A new noninvasive and clinically relevant model of transient retinal ischemia has been developed. The technique is based on formation of intraluminal thrombus in the rat central retinal artery with the use of a combination of intravenously administered rose bengal and green laser irradiation of the vessel, and by subsequently dissolving the thrombus by means of intravenous injection of tPA. Neuronal cell death occurred in the retina after the transient ischemia. Neuronal damage was time-sequentially followed and histochemically examined using the TdT-dUTP terminal nick-end labeling (TUNEL) staining technique. Thus, this model is expected to be quite similar to the central retinal artery occlusion (CRAO) in patients and useful for investigating the mechanism of retinal injuries due to transient ischemia and evaluating the pharmacological strategies to treat or prevent them. 
Methods
Animals
Adult male Wistar rats weighing 300 to 350 g were obtained from a local breeder. The animals were handled in accordance with the ARVO Statement on the Use of Animals in Ophthalmic and Vision Research. 
Experimental Protocol
After a rat was anesthetized with an intraperitoneal injection of 6% sodium pentobarbital (0.1 ml/100 g body wt), a small plastic catheter was inserted into the femoral vein for injecting rose bengal (Sigma, St. Louis, MO), dissolved in 0.9% saline at a concentration of 20 mg/ml. The dye was injected (20 mg/kg) just before light exposure. The right eye was subjected to ischemia, and the contralateral eye served as a control. 
The topical anesthetic of 0.4% oxybuprocaine (Benoxyl; Santen Pharmaceutical, Osaka, Japan) was applied to the eye. Pupils were dilated with an eyedrop of 0.5% phenylephrine hydrochloride–0.5% tropicamide (Mydrin P; Santen Pharmaceutical). A one-mirror goniolens filled with ethylcellulose (Scopisol; Senju Pharmaceutical, Osaka, Japan) was placed on a rat’s eye for obtaining clear fundus view. The central retinal artery was irradiated with argon green laser (wavelength, 514 nm) using an argon-dye laser apparatus (model ADC-8000; Nidek, Gamagori, Japan). After the injection of rose bengal as bolus, the laser beam was focused on the photosensitized central retinal artery and irradiated for 0.3 second. The laser settings were as follows: 50 μm of the laser diameter and 0.1 W of the laser power. 
A total of 38 rats was subjected to thrombolytic reperfusion of the occluded central retinal artery by tPA, which was started to be administered through the catheter placed in the femoral vein 60 minutes after thrombus formation. A half of total tPA (0.27 mg/kg body wt) was first injected as bolus. Then, the remaining half was further infused within 10 minutes. After the administration of tPA the reperfusion was observed in all rats. The fundus was observed ophthalmoscopically 1, 3, and 24 hours after the reperfusion and just before the rats were killed.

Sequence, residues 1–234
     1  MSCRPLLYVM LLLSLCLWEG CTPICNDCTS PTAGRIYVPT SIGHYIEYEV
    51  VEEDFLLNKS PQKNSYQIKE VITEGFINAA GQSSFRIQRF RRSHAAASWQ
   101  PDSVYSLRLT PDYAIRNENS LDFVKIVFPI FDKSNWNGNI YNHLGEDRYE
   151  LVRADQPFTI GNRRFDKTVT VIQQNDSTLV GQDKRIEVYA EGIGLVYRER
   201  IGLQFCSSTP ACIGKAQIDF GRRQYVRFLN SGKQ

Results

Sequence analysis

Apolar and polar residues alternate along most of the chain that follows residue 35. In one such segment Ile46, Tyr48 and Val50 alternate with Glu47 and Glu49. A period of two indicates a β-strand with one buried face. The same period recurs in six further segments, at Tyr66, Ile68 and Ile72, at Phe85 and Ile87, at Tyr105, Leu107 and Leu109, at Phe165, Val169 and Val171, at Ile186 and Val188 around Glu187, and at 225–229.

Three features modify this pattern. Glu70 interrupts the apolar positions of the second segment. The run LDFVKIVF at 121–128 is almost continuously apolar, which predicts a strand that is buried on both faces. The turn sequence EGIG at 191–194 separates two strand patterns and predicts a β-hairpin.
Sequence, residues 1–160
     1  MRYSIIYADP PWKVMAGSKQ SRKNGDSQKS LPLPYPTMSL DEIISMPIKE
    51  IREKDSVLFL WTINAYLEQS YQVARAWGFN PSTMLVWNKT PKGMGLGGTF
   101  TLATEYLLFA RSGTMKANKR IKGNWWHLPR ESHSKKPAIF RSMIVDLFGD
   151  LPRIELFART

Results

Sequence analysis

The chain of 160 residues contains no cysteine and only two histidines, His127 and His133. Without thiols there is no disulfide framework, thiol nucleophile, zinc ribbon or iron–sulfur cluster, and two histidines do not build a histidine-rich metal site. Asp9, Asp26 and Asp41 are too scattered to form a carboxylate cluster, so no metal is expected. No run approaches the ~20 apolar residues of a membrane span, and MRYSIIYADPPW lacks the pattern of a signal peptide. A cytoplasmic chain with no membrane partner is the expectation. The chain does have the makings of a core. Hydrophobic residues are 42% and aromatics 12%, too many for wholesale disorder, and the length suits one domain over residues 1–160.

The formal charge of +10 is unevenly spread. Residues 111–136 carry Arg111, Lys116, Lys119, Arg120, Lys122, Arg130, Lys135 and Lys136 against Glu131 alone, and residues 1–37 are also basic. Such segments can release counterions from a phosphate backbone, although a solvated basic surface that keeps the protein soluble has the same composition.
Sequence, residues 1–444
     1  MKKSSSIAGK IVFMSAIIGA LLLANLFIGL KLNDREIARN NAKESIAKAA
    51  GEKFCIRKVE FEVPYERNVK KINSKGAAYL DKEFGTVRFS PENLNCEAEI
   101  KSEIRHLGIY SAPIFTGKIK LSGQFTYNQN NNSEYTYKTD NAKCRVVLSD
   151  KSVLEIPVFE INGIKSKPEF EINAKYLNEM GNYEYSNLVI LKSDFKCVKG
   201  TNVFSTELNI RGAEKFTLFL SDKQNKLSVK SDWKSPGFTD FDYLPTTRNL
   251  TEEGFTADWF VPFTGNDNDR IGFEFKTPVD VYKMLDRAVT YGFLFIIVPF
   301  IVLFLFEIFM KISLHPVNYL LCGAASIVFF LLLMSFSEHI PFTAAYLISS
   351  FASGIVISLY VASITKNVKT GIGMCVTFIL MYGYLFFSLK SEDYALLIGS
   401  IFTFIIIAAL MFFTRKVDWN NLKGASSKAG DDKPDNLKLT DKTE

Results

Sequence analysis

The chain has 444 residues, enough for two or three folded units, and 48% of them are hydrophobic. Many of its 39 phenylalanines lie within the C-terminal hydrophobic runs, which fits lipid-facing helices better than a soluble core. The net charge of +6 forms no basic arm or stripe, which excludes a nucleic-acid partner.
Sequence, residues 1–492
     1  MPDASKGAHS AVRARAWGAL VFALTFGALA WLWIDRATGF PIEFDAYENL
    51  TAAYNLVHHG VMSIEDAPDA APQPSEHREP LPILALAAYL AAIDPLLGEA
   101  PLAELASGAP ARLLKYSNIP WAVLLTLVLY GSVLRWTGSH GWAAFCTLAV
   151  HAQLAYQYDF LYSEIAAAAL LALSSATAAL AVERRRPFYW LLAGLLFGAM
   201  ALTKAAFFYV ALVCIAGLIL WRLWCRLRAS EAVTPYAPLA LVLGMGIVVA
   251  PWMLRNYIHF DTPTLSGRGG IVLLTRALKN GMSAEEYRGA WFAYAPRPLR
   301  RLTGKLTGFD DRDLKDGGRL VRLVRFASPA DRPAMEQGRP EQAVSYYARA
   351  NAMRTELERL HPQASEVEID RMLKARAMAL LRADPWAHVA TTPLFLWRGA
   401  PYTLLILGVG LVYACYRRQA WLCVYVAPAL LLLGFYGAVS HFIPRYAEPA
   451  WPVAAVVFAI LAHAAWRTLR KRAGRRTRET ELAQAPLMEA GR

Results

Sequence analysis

Histologic Examination
Under a deep anesthesia with sodium pentobarbital, animals were fixed by intracardiac perfusion of 4% paraformaldehyde phosphate-buffered saline buffer 3 (n = 6), 9 (n = 6), 24 (n = 8), 48 (n = 6), and 72 (n = 6) hours after a blood flow in the retina was restored. The eyes were enucleated and left overnight at 4°C. Then the specimens were embedded in paraffin. Sagittal sections were obtained through the optic nerve. The sections were 4 μm thick, and at the interval of at least 100 μm. Sections were stained with hematoxylin and eosin and were examined using light microscopy. 
The TUNEL was performed to detect internucleosomal DNA fragmentation. The staining was performed as described elsewhere. 11 After incubation with 20 μg/ml protein kinase K (Sigma), the sections were immersed in TDT buffer (30 mM Trizma base, pH 7.2, 140 mM sodium cacodylate, 1 mM cobalt chloride). TDT (Boehringer–Mannheim GmbH, Mannheim, Germany) and biotinylated dUTP (Boehringer–Mannheim GmbH) were diluted in TDT buffer at a concentration of 125 eu/ml and 12.5 nmol/ml, respectively. The solution was placed on the sections, and then the sections were incubated at 37°C for 60 minutes. The sections were covered with streptavidin peroxidase (Dako, Carpinteria, CA) and stained with 3,3′-diaminobenzidine as a substrate for peroxidase. Finally, counterstaining was done using Mayer’s hematoxylin. 
The numbers of labeled cells in the ganglion cell layer (GCL), inner nuclear layer (INL), and outer nuclear layer (ONL) were counted from six oblong areas, representing parapapillary, central, and peripheral areas of the retina, approximately 1-mm length each, and chosen from both sides of the optic nerve head, in sections obtained at each time point. Data were analyzed independently by two coauthors (LD, MN) in a blinded fashion. The TUNEL-positive cells were averaged and plotted as a number of TUNEL-positive cells per 1 mm length of the area for each retinal layer. Confocal microscope was used for the measurements. The experimental results are expressed as mean ± SD. 
Results
Formation of Thrombus in the Central Retinal Artery